Those pressures — combined with uncertainty about opening dates, operating capacity and customer demand — have prompted many Vermont businesses to abandon foreign worker programs for the summer, according to Tim Piper, president of the Vermont Inn and Bed & Breakfast Association.
"Some said, 'That's it, we're not going with it this year,'" Piper said.
Beach Properties, owner of Basin Harbor Club lakeside resort in Vergennes, withdrew its application for 63 H-2B summer cooks, clerks, maids, bellhops and dishwashers, according to federal disclosures.
In a statement, co-owner Wendy Beach said the resort would hire "exclusively U.S. citizens for its 2020 season," citing pandemic pressures. Foreign employees typically comprise about 20 percent of Basin Harbor's hundreds of seasonal positions.
Other businesses may want the workers but can't get them, said lawyer Brian Sullivan, of MSK Attorneys in Burlington, who helps clients apply for H-2Bs.
"There will be some tourism, and you have places that don't have people to clean the rooms, don't have people to wash the dishes, the kind of low-paying jobs that the local workforce typically doesn't want," he said.
- Mike Shea on the Spirit of Ethan Allen III
At the Spirit of Ethan Allen, Shea got creative to secure 11 of his 14 anticipated H-2B workers this month from North Macedonia, Mexico and South Africa. Before the pandemic, low unemployment rates had created fierce competition for out-of-country H-2B workers, so he partnered with winter businesses to tap the supply of guest workers already in the U.S.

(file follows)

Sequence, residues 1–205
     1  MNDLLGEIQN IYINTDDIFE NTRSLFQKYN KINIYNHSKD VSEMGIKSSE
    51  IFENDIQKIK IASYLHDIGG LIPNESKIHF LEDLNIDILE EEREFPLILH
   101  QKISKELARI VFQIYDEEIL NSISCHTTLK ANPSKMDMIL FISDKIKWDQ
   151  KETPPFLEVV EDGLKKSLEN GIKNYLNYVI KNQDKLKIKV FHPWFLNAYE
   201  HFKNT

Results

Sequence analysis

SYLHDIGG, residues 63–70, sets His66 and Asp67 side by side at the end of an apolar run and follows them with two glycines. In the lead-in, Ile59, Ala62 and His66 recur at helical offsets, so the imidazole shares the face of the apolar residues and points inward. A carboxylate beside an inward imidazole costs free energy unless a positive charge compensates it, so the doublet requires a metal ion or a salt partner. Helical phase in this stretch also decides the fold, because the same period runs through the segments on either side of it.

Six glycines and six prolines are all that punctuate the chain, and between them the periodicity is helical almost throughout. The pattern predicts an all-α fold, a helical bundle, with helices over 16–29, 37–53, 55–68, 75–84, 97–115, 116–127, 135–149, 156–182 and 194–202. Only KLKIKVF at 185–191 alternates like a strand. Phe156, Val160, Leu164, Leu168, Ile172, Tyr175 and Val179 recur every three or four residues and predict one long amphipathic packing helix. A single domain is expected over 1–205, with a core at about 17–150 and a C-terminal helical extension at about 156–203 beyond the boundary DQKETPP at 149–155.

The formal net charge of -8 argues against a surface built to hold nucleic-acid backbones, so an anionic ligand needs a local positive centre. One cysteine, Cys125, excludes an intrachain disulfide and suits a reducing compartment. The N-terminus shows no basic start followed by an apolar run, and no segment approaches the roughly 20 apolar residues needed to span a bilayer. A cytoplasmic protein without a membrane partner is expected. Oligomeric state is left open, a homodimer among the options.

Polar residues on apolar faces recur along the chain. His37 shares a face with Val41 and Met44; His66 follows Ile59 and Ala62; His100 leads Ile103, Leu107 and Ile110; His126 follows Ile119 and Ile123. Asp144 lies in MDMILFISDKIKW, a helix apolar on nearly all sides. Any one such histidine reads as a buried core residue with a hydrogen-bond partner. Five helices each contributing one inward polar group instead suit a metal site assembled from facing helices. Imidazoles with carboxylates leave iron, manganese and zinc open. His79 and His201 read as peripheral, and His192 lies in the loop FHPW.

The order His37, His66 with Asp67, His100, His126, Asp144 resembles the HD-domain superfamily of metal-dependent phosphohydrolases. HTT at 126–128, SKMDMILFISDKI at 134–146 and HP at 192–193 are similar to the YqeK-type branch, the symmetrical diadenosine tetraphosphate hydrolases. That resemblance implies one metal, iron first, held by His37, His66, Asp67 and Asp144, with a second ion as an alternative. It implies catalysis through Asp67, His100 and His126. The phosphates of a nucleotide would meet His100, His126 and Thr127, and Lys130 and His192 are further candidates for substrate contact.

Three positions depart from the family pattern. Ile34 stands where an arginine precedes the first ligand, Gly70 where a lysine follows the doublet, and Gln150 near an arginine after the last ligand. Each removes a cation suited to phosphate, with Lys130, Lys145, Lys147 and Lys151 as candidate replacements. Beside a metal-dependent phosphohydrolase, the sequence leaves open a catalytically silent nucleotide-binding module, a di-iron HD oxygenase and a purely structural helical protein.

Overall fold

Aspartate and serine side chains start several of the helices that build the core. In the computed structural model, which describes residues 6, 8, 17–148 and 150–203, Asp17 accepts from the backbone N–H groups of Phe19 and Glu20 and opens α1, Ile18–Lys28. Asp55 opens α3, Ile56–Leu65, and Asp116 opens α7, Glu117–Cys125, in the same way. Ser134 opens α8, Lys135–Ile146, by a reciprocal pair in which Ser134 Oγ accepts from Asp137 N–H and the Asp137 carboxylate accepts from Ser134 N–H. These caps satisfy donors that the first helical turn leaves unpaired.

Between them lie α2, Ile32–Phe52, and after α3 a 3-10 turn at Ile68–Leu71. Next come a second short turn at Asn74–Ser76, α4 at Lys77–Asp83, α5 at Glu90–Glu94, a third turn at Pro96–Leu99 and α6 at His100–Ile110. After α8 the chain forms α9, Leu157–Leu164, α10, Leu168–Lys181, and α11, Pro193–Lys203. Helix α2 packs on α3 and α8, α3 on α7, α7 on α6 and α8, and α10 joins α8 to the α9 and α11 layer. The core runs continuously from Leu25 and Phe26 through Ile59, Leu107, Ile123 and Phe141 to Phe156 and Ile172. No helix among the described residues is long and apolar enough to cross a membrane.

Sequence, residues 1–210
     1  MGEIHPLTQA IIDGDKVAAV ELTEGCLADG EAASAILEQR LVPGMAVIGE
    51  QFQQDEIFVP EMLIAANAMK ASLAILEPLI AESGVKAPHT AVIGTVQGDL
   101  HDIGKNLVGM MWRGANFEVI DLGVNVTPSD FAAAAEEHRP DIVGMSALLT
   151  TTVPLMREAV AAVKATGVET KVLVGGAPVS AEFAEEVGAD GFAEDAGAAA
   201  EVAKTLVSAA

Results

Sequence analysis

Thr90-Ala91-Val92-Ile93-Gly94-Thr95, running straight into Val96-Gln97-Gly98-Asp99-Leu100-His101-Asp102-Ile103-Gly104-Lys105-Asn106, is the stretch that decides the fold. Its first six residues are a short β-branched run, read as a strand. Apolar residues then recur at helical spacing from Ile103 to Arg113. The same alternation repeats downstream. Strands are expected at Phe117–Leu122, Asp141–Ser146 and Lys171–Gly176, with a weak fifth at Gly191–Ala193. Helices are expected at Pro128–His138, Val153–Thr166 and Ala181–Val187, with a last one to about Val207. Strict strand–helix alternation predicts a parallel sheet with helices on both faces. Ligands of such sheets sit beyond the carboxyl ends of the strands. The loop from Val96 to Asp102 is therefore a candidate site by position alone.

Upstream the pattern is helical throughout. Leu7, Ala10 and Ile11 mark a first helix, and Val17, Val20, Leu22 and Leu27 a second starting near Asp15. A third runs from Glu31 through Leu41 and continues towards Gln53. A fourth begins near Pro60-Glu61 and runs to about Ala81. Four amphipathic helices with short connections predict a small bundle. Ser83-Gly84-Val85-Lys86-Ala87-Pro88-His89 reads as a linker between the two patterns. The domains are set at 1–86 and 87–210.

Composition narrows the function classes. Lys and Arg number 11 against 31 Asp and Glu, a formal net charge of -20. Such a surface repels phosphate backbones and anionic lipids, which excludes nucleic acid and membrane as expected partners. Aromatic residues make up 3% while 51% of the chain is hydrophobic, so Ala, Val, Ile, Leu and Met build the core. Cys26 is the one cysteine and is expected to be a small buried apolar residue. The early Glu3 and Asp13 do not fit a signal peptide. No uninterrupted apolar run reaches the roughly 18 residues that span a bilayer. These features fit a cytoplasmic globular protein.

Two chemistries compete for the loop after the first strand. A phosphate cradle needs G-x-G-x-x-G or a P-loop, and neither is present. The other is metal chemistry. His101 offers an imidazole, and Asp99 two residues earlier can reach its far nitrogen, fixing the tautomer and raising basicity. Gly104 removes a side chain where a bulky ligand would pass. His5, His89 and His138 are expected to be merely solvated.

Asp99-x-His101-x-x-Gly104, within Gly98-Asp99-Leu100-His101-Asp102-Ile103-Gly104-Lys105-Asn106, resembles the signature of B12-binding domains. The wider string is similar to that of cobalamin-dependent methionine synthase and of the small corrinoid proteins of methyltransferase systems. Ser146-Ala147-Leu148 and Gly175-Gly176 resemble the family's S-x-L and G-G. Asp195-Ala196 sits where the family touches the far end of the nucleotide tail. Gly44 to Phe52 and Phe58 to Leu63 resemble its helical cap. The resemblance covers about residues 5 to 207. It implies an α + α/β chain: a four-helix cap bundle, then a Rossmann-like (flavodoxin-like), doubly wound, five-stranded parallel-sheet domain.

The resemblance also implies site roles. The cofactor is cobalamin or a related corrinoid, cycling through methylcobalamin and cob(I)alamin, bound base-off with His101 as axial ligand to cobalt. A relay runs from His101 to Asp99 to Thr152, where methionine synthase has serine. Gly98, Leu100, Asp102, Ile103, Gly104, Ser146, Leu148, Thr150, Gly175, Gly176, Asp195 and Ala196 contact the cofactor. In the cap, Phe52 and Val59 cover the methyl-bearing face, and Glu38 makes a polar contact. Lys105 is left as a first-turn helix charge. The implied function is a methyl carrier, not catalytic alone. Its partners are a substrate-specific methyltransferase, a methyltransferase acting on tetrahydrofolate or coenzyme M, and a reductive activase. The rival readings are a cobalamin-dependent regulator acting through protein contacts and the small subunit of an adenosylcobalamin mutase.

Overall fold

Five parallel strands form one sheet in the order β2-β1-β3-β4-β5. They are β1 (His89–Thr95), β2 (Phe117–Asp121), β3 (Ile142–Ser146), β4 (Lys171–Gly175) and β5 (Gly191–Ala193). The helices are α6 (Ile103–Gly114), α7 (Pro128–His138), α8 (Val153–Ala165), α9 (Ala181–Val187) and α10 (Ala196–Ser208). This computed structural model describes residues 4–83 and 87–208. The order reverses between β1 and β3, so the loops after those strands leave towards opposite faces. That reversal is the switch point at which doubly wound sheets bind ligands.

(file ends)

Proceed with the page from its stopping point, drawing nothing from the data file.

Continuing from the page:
One of those partners was Sugarbush Resort, which, for the first time, last winter brought on six H-2B workers who had spent the summer working for Shea's cruise line. Their winter jobs at the ski resort were cut six weeks short by the coronavirus-induced shutdown, but they lived rent-free in employee housing and received food donations until April 30, when the Spirit of Ethan Allen was able to hire them back, according to the ski resort's vice president of human resources, Annemarie Todd. Sugarbush hopes to be open for mountain biking, golf and events this summer but decided not to bring on its usual 18 J-1 student workers, she added.
At the cruise line, foreign seasonal workers will continue to comprise about 80 percent of the workforce — if Shea can woo his J-1 visa-holding students to come.
It's not just the students who need reassurance. The sponsoring program that Shea uses to recruit J-1 workers recently sent him a survey inquiring about how he plans to house and quarantine any student participants. That inquiry may be the result of prodding by the U.S. Department of State, which sent a letter to exchange sponsors on April 29 urging them to be "particularly careful" in vetting host placements this year, "both to ensure exchange visitors' health, safety, and welfare and to protect the Americans with whom they come in contact."
The cruise ship operator said safety wouldn't be a problem. But if his "reassurance" video proves too convincing, Shea may only manage to create more problems for himself. When he promised jobs to 21 foreign students, he didn't imagine that he'd be running "socially distant" tours with just 40 passengers, despite the ship's 500-plus capacity.
"If I do get them, I may have too many employees," he said, before quickly reassuring himself. "I think some are going to drop by the wayside."